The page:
ADAMS COUNTY, Colo. — Before the building that housed Boyer’s café and roastery produced coffee, it produced some of the people who helped shape unincorporated Adams County’s Welby community for generations.
The Boyer’s building at 7295 Washington St. was a 1927 schoolhouse. A fire that swept through the facility on Tuesday afternoon caused millions of dollars in damage, and also changed the face of a fixture in what was once a farming community north of downtown Denver.
“As far as Welby, the community itself … there’s three main structures that are standing from early in the community’s history,” said Mandy Gerace, a program manager at the Welby Gardens facility whose grandparents lived in the area for decades. “There was the Washington Street schoolhouse, there was a house on York Street – we always call it the 1890 house – and then the Assumption Church.”
Gerace said her grandfather attended the Washington Street school before it became Boyer’s in the 1970s.
Alice Nichol, a former Adams County commissioner and Colorado state legislator, went there in the 1940s.
“The fire, it brought all kinds of memories,” she said. “The best honor was to be able to ring the bell to get back to class, and we always tried to win favor with the teachers so that she would give us the bell, and we could go around the school and bring other kids to the classroom.”
Nichol said she remembered when Mr. Boyer himself would bring people their coffee, and that she was happy when the café opened – turning the school into another community focal point.
“People need a gathering place,” Nichol said, adding that when she was an Adams County commissioner, she made sure they only served Boyer’s coffee. “I was really pleased to have my neighborhood coffee shop, and a brewery across the street from that.”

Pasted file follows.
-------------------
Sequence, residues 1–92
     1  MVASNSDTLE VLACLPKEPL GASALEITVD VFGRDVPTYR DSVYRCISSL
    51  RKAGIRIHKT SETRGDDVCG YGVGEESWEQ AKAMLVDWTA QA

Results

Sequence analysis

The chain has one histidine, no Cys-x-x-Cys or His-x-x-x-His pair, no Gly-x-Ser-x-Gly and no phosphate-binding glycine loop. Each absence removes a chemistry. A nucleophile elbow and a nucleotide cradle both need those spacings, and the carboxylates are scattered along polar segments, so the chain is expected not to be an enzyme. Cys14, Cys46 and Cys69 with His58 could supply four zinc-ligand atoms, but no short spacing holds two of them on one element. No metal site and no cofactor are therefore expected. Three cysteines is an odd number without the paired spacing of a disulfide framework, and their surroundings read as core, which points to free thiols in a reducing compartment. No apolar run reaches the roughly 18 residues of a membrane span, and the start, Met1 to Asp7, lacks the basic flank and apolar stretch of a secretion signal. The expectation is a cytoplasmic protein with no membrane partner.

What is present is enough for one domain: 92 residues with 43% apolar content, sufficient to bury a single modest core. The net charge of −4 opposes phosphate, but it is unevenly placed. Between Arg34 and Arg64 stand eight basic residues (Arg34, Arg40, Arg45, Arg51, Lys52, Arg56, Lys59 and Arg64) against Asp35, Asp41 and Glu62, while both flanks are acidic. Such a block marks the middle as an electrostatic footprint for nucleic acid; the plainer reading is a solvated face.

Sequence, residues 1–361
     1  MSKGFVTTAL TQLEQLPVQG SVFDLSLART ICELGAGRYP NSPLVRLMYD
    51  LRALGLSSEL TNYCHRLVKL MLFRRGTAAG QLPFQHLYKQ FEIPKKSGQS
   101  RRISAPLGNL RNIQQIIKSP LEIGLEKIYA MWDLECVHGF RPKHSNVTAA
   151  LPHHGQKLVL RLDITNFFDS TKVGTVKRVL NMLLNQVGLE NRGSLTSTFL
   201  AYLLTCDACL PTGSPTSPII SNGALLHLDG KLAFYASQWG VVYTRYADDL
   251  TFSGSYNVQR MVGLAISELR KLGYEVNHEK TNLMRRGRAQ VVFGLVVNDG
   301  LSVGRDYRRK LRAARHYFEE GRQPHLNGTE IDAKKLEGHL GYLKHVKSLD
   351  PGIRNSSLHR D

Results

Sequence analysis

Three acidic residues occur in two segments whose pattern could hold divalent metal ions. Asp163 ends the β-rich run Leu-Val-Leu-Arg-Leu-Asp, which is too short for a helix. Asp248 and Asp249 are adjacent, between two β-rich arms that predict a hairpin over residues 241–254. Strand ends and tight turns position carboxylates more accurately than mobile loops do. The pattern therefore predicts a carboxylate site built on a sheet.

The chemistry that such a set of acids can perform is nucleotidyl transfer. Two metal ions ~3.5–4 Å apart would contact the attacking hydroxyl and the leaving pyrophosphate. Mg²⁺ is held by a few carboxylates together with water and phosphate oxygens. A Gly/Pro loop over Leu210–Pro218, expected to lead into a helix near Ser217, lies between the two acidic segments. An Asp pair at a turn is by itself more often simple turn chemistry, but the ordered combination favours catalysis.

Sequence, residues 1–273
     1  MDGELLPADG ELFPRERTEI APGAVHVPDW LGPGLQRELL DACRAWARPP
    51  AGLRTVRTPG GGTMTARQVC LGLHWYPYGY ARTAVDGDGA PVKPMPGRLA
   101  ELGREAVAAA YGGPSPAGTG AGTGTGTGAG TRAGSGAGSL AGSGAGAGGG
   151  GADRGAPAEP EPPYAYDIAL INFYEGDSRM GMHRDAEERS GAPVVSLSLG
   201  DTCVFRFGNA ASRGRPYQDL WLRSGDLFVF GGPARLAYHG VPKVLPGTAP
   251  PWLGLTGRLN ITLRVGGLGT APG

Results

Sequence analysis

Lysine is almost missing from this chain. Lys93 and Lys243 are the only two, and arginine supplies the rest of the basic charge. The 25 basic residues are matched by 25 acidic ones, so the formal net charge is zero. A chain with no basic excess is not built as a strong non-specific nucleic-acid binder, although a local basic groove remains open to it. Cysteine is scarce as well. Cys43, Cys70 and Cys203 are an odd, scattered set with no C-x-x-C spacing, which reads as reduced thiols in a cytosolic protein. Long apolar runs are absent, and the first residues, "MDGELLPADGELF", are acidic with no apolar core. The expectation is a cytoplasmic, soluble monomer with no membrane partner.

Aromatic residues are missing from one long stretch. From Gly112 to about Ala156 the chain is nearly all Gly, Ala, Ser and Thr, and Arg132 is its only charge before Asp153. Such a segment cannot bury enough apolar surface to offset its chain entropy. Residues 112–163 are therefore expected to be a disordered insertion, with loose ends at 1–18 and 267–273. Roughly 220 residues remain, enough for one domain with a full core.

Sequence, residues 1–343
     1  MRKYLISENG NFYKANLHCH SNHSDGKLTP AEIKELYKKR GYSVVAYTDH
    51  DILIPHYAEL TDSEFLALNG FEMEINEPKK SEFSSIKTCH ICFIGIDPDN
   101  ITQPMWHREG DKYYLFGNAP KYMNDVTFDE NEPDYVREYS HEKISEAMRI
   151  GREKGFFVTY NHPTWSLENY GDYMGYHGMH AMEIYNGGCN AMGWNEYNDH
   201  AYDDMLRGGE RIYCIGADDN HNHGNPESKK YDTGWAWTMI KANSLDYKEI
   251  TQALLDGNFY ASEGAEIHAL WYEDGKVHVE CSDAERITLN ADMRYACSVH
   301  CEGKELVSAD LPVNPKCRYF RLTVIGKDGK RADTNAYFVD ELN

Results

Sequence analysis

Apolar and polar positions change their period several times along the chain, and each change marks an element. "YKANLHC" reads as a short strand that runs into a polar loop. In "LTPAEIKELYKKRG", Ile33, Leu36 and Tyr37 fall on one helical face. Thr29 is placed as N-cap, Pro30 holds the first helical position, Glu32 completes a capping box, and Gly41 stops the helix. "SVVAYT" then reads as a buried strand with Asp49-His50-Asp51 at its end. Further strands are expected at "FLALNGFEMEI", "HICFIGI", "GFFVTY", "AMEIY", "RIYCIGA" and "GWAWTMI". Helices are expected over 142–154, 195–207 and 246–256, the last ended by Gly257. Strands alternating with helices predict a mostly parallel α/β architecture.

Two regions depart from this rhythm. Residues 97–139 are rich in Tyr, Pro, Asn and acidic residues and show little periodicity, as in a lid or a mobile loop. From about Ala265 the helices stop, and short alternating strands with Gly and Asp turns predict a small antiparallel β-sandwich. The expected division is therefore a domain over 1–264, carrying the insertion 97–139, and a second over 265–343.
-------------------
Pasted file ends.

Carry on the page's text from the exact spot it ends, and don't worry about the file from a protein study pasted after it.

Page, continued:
Robin O’Dorisio’s great-grandfather’s name is actually on the cornerstone of what is now the Boyer’s building. She said her grandparents went there, and later held their wedding reception there.
“The fire was a devastating loss to our community,” she said. “The building holds a special place in our hearts, family and community."
Evelyn (Adducci) Flake started attending the Washington Street School in 1945. She said she spent much of her childhood there, since her dad was the custodian (in addition to working as a farmer).
"After the school hours, we'd have to clean the school," Flake said. "I'd wash the baseboards and the dust the decks."
Flake emphasized how tight-knit the Welby community is.
"We were all truck farmers around there, and everybody was just farmer's kids," she said. "We were just family and friends forever there."
And this history is why she said the fire hit her so hard.
"I'm just heartbroken about it," she said. "It's so sad."
At this point, investigators don’t know what sparked the fire. Adams County Fire Rescue spokesperson Julie Browman said it will take a while for the cause to be known. At this point, firefighters don't believe arson was involved, and that the blaze likely started on the second floor.
Due to social distancing requirements brought on by the COVID-19 pandemic, Boyer’s said no customers were inside the building when the fire broke out, but that curbside pickup was underway. All of the employees inside were able to escape, and no one was injured.
There are plans for the Adams County company to rebuild, but it’s not clear when.
“Yes, this fire caused us to lose our building, but not our company. We are working towards a plan of rebuilding and reopening,” a statement from Boyer’s reads.
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